Violations Roundup: Social Media Missteps Bite MSU

Part of my job includes periodically checking on Mississippi State’s compliance with NCAA rules, and I recently received documents regarding infractions committed by the athletic department since February. Here’s my story from today’s Journal.

They are all secondary violations, but what made this batch interesting was that two involved social media. That’s apropos in light of the story we had a few days ago examining how MSU and Ole Miss monitor social media activity among athletes.

The case involving assistant football coach Angelo Mirando illustrates just how difficult it can be to remain in compliance at all times. The NCAA manual is a 444-page beast of which coaches and athletic administrators are supposed to have extensive knowledge. For a young guy like Mirando (25 years old) who’s in his first full-time coaching gig, some of the lessons will be learned the hard way.

With social media so pervasive, everyone must be on their toes. Another violation noted in the story involved a Facebook page for MSU’s basketball student support group. Somebody posted on the page that a football prospect was coming to a basketball home game as part of an unofficial visit. After speaking with the author of the post, MSU compliance discovered that an MSU football player had provided the information about the visit.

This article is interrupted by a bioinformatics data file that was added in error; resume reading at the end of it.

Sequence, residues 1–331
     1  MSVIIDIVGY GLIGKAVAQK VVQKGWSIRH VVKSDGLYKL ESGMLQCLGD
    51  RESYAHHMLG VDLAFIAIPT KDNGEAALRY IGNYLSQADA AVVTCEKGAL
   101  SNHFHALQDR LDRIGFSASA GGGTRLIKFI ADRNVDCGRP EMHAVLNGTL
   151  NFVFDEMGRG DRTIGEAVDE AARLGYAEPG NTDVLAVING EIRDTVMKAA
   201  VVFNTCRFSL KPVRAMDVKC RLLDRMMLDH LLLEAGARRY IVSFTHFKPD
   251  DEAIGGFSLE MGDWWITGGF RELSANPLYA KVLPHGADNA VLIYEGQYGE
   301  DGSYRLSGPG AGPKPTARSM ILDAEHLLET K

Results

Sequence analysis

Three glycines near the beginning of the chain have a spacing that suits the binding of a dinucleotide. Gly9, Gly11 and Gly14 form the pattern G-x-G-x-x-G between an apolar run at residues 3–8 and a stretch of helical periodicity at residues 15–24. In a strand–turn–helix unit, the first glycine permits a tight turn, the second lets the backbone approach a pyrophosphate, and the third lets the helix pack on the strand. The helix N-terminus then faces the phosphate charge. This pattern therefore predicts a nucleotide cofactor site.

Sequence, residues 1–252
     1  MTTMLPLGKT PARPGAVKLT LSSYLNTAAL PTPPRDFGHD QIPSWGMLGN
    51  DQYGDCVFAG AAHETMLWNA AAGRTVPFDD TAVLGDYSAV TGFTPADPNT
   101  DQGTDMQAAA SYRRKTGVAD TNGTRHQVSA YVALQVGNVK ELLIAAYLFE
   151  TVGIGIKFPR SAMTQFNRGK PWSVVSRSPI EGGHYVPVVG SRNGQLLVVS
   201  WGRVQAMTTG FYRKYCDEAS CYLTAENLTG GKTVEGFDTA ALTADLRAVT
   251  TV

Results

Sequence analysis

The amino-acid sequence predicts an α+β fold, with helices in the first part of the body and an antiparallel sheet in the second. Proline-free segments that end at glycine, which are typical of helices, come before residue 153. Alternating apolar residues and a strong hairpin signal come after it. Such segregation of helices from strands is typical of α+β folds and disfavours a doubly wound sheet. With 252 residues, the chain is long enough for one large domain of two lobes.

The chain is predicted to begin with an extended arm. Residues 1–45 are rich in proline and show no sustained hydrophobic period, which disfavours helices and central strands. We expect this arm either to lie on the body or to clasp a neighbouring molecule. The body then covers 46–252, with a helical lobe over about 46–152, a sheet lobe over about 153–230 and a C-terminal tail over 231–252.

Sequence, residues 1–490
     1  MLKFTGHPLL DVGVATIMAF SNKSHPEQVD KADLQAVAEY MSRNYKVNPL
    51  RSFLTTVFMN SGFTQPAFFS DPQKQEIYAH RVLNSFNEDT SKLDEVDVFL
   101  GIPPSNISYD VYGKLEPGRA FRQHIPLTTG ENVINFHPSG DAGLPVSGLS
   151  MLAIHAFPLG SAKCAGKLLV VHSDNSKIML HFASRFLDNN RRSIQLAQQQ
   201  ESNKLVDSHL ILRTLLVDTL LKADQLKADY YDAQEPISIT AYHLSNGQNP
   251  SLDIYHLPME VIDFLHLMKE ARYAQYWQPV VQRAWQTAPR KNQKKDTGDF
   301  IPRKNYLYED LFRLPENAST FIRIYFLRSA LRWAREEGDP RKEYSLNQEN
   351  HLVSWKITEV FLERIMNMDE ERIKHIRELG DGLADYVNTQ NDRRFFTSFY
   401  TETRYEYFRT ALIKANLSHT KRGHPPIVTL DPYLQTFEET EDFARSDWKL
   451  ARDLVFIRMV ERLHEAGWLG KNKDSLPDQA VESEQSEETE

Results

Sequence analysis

Regardless of who provided the info, publicizing the prospect’s visit was an infraction. I wouldn’t be surprised if the person who posted the info had no idea about that rule.

It’s another reminder to be sure about what you’re saying before clicking the send button.

• Not included in today’s story was a violation committed by the women’s basketball team. It was apparently an inadvertent infraction.

On March 24, the Lady Bulldogs were going through individual skill instruction inside Humphrey Coliseum – the same day that the Hump was hosting a middle school science fair in the concourse. While waiting for the fair to begin, some students, parents and teachers took seats and watched the basketball team, violating an NCAA bylaw prohibiting public viewing of offseason individual skill instruction.

MSU’s action was to send coach Sharon Fanning-Otis a letter of admonishment, and the SEC accepted that.

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